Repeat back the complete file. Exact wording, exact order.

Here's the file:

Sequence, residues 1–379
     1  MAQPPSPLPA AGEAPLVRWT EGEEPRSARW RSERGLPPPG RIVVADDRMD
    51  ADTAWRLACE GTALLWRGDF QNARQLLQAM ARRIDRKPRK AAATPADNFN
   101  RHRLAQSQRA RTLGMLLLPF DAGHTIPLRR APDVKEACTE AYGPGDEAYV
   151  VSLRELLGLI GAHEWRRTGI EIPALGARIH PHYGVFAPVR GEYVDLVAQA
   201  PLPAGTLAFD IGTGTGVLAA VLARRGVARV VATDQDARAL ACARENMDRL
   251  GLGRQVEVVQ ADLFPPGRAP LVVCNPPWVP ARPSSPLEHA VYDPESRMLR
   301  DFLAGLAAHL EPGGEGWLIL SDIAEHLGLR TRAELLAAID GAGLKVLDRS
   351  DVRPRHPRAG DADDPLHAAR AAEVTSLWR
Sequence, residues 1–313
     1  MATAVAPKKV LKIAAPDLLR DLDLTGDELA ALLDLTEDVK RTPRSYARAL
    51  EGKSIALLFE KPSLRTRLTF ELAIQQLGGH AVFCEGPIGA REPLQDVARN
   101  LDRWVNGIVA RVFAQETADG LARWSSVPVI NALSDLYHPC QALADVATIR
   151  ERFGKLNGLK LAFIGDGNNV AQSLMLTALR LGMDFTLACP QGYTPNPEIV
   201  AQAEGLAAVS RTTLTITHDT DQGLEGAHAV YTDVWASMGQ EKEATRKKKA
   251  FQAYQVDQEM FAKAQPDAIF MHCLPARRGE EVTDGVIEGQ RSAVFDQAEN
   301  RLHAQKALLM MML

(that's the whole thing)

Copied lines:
Sequence, residues 1–379
     1  MAQPPSPLPA AGEAPLVRWT EGEEPRSARW RSERGLPPPG RIVVADDRMD
    51  ADTAWRLACE GTALLWRGDF QNARQLLQAM ARRIDRKPRK AAATPADNFN
   101  RHRLAQSQRA RTLGMLLLPF DAGHTIPLRR APDVKEACTE AYGPGDEAYV
   151  VSLRELLGLI GAHEWRRTGI EIPALGARIH PHYGVFAPVR GEYVDLVAQA
   201  PLPAGTLAFD IGTGTGVLAA VLARRGVARV VATDQDARAL ACARENMDRL
   251  GLGRQVEVVQ ADLFPPGRAP LVVCNPPWVP ARPSSPLEHA VYDPESRMLR
   301  DFLAGLAAHL EPGGEGWLIL SDIAEHLGLR TRAELLAAID GAGLKVLDRS
   351  DVRPRHPRAG DADDPLHAAR AAEVTSLWR
Sequence, residues 1–313
     1  MATAVAPKKV LKIAAPDLLR DLDLTGDELA ALLDLTEDVK RTPRSYARAL
    51  EGKSIALLFE KPSLRTRLTF ELAIQQLGGH AVFCEGPIGA REPLQDVARN
   101  LDRWVNGIVA RVFAQETADG LARWSSVPVI NALSDLYHPC QALADVATIR
   151  ERFGKLNGLK LAFIGDGNNV AQSLMLTALR LGMDFTLACP QGYTPNPEIV
   201  AQAEGLAAVS RTTLTITHDT DQGLEGAHAV YTDVWASMGQ EKEATRKKKA
   251  FQAYQVDQEM FAKAQPDAIF MHCLPARRGE EVTDGVIEGQ RSAVFDQAEN
   301  RLHAQKALLM MML